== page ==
Lignin-based Bisguaiacol diisocyanate: a green route for the synthesis of biobased polyurethanes

28 February 2023, Version 1
This content is a preprint and has not undergone peer review at the time of posting.


The synthesis of a new biobased aromatic diisocyanate derived from lignocellulosic raw material, namely guaiacol and vanillyl alcohol, through phosgene-free routes offers the prospect of greener approaches for isocyanate production and the polyurethane industry. Indeed, bisguaiacol F diisocyanate (BGI) was obtained via a three-step process from readily available bisguaiacol F (BGF), involving conversion of aromatic amine into aromatic isocyanate. The unusual metal-free conversion of BGF to bisguaiacol F diamine (BGA) was performed by a two-step approach: a) the Williamson-type alkylation of BGF and then b) the base-promoted Smiles rearrangement of bis O-Alkylated BGF. In order to improve the sustainability of this process, the first step was realized under solvent-free mechanochemical conditions, and the second step was performed using two different activating methods: thermal and microwave. The thermal process provided an isolated BGA yield of ca. 70%. Microwave activation proved to be an interesting alternative, although a lower yield (32%) of the desired BGA was achieved. Finally, the diisocyanate synthesis was performed via a phosgene-free/room temperature protocol using di-tert-butyl dicarbonate in presence of a catalytic amount of 4-dimethylaminopyridine (DMAP). Two polyurethane thermosets were designed and synthesized using the aromatic diisocyanates, biobased BGI and petrochemical-based methylene diphenyl diisocyanate (MDI), by a solvent-free two-step polymerization process, and their thermo-chemical properties were evaluated. These preliminary results suggest that BGI could be potentially used as a fully biobased surrogate for MDI.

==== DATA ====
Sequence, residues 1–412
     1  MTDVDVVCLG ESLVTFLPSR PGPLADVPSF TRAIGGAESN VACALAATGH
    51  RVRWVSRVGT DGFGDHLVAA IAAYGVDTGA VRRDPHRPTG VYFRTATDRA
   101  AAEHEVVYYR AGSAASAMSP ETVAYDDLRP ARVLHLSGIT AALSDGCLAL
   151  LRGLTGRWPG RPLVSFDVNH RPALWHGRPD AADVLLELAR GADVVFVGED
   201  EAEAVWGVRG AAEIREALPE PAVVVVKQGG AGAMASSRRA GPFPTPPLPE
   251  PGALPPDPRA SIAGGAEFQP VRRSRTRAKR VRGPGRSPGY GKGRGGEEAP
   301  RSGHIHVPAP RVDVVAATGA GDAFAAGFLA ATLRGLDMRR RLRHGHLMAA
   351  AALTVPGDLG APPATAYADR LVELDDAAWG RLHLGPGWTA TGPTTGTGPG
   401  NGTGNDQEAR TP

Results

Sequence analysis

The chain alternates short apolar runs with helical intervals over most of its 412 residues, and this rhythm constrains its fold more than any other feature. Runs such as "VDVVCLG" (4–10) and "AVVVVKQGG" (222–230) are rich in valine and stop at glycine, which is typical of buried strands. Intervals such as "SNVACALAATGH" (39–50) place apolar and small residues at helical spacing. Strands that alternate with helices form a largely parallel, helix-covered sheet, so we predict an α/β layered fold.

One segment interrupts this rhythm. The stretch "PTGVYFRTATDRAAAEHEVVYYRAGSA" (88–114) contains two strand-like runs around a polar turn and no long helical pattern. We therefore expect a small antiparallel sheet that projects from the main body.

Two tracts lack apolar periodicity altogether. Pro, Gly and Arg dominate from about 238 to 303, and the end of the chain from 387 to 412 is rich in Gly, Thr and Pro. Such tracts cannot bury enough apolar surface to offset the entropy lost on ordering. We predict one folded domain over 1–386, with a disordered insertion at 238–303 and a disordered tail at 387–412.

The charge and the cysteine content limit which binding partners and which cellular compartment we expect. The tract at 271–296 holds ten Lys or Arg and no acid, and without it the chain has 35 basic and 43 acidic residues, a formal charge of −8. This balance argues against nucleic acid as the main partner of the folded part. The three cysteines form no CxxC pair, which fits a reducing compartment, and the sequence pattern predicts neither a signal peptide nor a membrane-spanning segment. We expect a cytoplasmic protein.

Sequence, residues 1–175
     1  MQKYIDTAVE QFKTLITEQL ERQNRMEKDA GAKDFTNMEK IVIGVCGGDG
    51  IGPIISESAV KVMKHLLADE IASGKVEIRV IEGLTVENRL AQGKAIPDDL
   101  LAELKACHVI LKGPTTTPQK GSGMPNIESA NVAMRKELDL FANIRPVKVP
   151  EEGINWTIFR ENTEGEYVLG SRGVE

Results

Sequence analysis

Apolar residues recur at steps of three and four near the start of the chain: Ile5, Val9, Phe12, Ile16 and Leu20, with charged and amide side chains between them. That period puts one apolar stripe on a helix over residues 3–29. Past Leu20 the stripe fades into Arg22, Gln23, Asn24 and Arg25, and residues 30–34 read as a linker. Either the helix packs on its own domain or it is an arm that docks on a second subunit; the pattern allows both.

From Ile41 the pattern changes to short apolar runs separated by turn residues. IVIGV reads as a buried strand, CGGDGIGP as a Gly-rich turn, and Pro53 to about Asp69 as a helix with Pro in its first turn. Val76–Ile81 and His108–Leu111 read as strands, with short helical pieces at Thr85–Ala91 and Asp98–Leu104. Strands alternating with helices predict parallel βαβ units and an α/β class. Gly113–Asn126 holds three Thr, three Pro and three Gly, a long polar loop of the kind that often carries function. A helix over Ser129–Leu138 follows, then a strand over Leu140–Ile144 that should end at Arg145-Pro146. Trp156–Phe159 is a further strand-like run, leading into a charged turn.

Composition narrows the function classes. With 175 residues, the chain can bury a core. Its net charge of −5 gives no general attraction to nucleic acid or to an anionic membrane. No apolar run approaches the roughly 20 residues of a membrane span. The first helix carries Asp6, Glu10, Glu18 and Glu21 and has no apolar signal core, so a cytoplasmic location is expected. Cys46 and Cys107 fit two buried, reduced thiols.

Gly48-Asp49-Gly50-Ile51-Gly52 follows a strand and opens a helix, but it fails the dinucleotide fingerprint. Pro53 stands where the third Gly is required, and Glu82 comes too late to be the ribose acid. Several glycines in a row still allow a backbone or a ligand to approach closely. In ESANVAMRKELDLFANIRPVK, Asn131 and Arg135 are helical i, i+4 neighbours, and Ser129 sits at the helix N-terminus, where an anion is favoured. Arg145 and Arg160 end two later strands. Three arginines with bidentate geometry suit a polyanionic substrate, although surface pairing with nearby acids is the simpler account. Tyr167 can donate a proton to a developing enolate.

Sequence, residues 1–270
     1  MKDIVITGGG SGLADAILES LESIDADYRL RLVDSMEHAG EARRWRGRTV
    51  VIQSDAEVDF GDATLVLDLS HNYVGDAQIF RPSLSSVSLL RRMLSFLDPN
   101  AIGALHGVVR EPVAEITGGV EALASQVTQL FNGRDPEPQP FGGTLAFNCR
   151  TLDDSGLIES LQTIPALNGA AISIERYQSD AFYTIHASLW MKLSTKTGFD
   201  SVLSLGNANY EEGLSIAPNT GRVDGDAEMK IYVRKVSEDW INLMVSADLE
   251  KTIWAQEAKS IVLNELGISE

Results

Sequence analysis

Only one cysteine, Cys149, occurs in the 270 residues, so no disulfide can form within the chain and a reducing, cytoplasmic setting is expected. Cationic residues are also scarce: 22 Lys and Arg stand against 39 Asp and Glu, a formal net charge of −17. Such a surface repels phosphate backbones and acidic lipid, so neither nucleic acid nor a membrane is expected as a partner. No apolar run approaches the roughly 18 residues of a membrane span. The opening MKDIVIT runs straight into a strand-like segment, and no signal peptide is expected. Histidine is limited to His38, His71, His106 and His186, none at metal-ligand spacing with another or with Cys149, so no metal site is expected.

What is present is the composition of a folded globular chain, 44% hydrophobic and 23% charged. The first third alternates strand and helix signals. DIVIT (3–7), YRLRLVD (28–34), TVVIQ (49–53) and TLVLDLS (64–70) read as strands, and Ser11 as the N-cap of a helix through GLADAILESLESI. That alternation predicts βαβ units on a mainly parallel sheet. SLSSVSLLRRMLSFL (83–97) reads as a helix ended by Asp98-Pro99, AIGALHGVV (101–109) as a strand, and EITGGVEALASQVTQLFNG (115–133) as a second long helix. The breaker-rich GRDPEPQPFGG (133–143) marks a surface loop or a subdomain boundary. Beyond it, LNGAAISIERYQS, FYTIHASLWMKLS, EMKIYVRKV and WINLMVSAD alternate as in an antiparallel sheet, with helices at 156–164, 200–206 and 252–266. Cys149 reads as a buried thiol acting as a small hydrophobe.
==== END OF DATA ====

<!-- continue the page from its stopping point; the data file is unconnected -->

biobased polymers


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